The name Baulgy is rooted in the ancient Anglo-Saxon
culture. It was originally a name for someone who worked as a person of a conjectural profession. It is thought that this name is occupational
in nature, due to the structure of the name of the first person to bear the name. Hugh le Balgy appears in the historical record in the Hundrendorum Rolls of 1273, in the county of Norfolk
. The inclusion of the word le
in a name usually indicates that it is occupational
, however, no records exist which indicate what a balgy does.
Early Origins of the Baulgy family
The surname Baulgy was first found in Norfolk
, where they held a family seat
from ancient times.
Early History of the Baulgy family
This web page shows only a small excerpt of our Baulgy research.Another 253 words (18 lines of text) covering the years 1273, 1379, 1397, 1399, 1503 and 1602 are included under the topic Early Baulgy History in all our PDF Extended History products and printed products wherever possible.
Baulgy Spelling Variations
It is only in the last few hundred
years that the English language has been standardized. For that reason, early Anglo-Saxon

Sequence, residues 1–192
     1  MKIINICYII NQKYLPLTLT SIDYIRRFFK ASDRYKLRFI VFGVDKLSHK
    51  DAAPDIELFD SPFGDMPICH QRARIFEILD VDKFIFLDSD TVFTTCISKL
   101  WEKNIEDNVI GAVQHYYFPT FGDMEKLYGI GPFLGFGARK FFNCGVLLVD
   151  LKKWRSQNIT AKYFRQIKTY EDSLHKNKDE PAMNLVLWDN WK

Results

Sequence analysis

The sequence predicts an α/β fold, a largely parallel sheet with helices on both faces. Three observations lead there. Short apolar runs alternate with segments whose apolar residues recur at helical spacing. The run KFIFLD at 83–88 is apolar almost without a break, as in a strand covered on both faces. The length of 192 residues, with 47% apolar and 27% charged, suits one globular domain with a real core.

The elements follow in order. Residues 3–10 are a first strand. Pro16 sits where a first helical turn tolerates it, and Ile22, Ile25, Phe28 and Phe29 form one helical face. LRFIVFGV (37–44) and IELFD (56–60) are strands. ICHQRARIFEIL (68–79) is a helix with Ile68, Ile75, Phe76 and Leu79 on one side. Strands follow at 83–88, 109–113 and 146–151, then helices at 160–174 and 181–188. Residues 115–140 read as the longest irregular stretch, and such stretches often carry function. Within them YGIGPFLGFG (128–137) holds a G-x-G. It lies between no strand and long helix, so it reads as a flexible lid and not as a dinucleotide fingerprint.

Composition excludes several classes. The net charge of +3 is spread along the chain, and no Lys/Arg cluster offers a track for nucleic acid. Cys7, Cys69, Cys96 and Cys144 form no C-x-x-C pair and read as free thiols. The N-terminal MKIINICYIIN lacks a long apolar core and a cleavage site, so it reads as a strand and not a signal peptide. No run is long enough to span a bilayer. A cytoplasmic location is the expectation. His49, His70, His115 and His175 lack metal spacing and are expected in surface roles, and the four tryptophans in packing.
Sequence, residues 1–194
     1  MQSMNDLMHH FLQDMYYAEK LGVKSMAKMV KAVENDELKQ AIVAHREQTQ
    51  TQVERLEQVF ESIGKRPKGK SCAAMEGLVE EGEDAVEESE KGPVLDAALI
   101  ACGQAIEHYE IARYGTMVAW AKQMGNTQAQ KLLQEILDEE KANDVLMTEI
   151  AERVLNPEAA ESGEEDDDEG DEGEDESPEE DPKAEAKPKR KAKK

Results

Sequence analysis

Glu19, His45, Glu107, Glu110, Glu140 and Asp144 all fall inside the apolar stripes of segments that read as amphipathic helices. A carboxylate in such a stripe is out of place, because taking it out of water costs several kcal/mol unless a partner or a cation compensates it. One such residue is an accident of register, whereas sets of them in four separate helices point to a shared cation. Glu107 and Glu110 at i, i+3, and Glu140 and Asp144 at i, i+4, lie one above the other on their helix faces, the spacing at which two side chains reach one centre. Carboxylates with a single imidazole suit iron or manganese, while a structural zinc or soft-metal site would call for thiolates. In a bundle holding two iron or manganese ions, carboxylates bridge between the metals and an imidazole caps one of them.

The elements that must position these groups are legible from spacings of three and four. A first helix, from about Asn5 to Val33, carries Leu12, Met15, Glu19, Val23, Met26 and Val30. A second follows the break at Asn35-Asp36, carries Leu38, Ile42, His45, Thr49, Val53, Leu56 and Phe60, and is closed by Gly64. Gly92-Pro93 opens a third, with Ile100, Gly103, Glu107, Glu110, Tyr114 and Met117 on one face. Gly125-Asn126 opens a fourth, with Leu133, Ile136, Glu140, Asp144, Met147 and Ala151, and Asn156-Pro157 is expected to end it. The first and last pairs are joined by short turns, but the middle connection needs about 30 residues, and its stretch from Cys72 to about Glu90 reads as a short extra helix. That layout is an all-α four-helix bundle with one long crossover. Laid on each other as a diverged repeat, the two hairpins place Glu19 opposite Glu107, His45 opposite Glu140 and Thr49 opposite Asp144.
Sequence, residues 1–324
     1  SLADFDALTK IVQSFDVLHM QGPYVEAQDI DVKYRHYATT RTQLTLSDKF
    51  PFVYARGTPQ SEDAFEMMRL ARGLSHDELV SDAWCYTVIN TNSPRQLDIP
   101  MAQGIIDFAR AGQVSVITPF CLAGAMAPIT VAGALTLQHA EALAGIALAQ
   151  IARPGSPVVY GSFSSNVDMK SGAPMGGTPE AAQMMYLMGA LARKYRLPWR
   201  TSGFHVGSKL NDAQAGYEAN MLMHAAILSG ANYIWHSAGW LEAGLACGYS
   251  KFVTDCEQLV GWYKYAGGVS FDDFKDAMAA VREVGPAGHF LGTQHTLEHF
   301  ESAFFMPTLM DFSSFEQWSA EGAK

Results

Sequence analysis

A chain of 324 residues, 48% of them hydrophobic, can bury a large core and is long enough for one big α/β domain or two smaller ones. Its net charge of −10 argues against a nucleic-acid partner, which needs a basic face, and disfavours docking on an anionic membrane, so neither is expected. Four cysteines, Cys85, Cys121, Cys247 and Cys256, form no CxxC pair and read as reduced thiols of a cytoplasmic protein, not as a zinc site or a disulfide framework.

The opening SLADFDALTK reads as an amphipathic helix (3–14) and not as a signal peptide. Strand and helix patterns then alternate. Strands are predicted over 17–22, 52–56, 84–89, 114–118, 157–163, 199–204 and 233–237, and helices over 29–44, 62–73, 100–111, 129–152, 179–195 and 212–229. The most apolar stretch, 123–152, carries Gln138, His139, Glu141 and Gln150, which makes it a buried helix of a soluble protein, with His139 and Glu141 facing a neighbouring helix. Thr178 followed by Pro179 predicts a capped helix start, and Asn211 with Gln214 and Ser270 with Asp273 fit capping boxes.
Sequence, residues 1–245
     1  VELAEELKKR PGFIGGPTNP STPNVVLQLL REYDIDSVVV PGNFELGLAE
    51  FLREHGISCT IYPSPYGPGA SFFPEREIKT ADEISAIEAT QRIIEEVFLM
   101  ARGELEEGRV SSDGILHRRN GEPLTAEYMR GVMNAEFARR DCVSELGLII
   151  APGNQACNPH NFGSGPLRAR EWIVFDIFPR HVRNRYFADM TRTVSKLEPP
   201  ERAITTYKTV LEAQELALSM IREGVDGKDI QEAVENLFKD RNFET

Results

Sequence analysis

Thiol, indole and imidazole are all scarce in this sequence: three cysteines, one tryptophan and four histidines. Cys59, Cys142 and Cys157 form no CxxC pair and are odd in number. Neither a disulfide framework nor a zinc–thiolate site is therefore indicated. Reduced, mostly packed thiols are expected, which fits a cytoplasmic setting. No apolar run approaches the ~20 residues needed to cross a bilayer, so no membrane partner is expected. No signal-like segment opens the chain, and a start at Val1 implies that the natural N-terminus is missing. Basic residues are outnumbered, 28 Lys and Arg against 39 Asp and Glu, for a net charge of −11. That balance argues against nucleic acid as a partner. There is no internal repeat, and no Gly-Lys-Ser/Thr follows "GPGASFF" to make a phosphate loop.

surnames like Baulgy are characterized by many spelling variations
. As the English language changed and incorporated elements of other European languages, even literate people changed the spelling of their names. The variations of the name Baulgy include Balguy, Balgy, Balgay, Baulgy, Balgie, Ballguy and many more.
Early Notables of the Baulgy family (pre 1700)
More information is included under the topic Early Baulgy Notables in all our PDF Extended History products
and printed products wherever possible.
Migration of the Baulgy family to the New World and Oceana
Many English families tired of political and religious strife left Britain for the new colonies in North America. Although the trip itself offered no relief - conditions on the ships were extremely cramped, and many travelers arrived diseased, starving, and destitute - these immigrants believed the opportunities that awaited them were worth the risks. Once in the colonies, many of the families did indeed prosper and, in turn, made significant contributions to the culture and economies of the growing colonies. An inquiry into the early roots of North American families has revealed a number of immigrants bearing the name Baulgy or a variant listed above: Frances Balgay, who came to America in 1763.